Claims that I have ties to the KKK are totally false and irresponsible. I’m proud to be the Mayor of the City of Fort Wayne that celebrates and appreciates diversity and acceptance. Racism has no place in our society and my life.

From the office of Lexington, Kentucky, Major Jim Gray, in a written statement distributed to the media:

This allegation is false, insulting and ridiculous. I have never had any relationship of any kind with the KKK. I am opposed to everything it stands for. I have no idea where this information came from, but wherever it came from, it is wrong.

And finally, my personal favorite, from Knoxville, Tennessee, Mayor Madeline Anne Rogero:

I’m not even sure this is worth responding to, but for the record: There is a list circulating online purporting to “out” elected officials as members of the KKK. For reasons unfathomable to me or anyone who knows me, my name is on the list. Given my background, my interracial family, my public record and my personal beliefs, this would be hilarious except that it is probably being seen by a lot of people who have no idea who I am.

So, just to be clear, for anyone who doesn’t know me: Don’t be ridiculous. I began my political career working for the rights of farm workers with Cesar Chavez. I have spent decades working for causes of social justice and equality. As Mayor, I have pushed for diversity in our workforce and outreach to and inclusion of people of all backgrounds in our community. In concert with President Obama’s My Brother’s Keeper program, I began the Save Our Sons initiative to increase opportunities and reduce violence-related deaths among boys and young men of color. I have advocated publicly for LGBT civil rights, and I was the only mayor in Tennessee to sign onto the mayors’ amicus brief for the plaintiffs in the Supreme Court’s marriage equality case. In short, I don’t think the KKK would want anything to do with me.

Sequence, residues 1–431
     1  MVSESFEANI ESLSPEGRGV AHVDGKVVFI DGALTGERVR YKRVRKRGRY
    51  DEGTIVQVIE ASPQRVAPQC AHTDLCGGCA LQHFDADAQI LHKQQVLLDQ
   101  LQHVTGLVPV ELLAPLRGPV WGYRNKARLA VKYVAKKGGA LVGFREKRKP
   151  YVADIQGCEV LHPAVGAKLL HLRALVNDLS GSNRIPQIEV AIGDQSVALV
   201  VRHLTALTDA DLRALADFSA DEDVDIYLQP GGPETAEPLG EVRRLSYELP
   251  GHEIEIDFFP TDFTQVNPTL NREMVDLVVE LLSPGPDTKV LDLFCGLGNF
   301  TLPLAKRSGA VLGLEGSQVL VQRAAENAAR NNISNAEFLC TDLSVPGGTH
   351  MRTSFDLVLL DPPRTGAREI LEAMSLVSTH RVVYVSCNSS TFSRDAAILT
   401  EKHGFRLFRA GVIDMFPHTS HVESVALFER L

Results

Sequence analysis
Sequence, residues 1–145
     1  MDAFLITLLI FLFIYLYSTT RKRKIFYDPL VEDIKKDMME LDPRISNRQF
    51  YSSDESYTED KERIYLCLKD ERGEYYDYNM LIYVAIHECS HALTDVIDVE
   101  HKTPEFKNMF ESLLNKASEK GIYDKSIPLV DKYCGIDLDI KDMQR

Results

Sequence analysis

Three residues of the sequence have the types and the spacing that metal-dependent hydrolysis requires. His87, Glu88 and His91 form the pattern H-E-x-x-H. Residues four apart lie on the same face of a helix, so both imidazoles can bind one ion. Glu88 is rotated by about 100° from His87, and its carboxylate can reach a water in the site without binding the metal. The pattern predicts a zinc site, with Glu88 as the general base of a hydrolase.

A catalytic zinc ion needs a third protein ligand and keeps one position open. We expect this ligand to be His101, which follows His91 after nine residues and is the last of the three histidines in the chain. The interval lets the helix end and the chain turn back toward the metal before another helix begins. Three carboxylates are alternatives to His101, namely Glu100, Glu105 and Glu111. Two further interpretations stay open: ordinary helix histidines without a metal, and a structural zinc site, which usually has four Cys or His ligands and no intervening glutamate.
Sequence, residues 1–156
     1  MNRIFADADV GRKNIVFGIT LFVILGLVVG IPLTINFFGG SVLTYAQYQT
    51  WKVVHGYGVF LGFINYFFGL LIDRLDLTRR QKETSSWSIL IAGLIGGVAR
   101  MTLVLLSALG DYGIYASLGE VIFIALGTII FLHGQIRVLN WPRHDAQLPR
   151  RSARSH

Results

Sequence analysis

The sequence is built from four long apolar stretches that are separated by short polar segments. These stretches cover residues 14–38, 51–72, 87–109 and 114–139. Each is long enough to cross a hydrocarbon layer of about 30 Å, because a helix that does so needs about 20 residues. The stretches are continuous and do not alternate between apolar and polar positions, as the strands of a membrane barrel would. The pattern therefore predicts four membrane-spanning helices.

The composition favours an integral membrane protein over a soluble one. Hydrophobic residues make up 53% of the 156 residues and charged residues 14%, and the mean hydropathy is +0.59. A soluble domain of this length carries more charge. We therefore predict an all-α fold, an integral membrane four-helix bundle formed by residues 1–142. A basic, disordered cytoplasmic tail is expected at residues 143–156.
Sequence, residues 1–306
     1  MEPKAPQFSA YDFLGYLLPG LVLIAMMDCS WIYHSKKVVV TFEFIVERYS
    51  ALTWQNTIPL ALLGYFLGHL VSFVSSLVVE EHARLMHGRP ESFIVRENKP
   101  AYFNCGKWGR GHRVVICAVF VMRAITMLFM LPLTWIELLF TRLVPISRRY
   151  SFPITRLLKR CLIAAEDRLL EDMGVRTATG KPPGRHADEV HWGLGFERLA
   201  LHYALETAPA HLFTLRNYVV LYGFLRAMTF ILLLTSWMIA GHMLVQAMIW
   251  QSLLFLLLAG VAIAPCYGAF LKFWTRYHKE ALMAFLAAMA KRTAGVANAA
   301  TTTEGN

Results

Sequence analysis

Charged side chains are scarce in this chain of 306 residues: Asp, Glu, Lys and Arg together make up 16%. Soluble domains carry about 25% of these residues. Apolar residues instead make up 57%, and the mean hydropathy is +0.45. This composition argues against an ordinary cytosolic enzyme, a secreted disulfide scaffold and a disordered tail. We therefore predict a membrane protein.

I strongly request that anyone associated with the creation and dissemination of this false and defamatory accusation retract it immediately. It is irresponsible and slanderous. (Although, on a positive note, I do appreciate that they are using a picture of me from 12 years ago. Very flattering!)

Note that these responses are primarily from representatives of the majors fingered in the second Pastebin dump. We will update this post with formal responses from U.S. senators as we hear them, but it’s important to note that a non-response to an outlandish and unproven charge is no proof of guilt.

That said, it’s worth noting that there’s certainly a chance that an elected official or public servant also wears a hood and burns crosses in his spare time. Consider Lahoma, Oklahoma, Mayor Theresa Sharp, whose husband reportedly attended a Klan-themed Halloween party in white robes and allegedly burned a cross in what the two called “a prank gone bad.”

Random accusation can often do plenty of damage to your reputation and career, even when they end up being absolutely false. To quote former president Lyndon Baines Johnson, on the matter of accusing an enemy of being a pig-fucker: “Of course it ain’t true, but I want to make the son-of-a-bitch deny it.” But in the case of today’s leak, where media outlets trumpeted a blow against corrupt, racist politicians by Anonymous, the glee may be a bit premature.